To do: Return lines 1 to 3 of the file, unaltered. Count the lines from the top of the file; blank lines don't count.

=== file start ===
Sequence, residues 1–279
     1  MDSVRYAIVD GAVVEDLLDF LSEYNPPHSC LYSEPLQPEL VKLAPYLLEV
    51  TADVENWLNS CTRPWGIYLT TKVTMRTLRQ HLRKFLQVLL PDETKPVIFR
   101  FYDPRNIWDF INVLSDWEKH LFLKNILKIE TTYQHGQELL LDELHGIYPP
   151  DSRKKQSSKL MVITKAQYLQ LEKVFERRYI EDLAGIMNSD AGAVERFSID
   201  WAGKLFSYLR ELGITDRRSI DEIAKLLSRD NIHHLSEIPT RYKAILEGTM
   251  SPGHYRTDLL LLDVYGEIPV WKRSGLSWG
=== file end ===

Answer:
Sequence, residues 1–279
     1  MDSVRYAIVD GAVVEDLLDF LSEYNPPHSC LYSEPLQPEL VKLAPYLLEV
    51  TADVENWLNS CTRPWGIYLT TKVTMRTLRQ HLRKFLQVLL PDETKPVIFR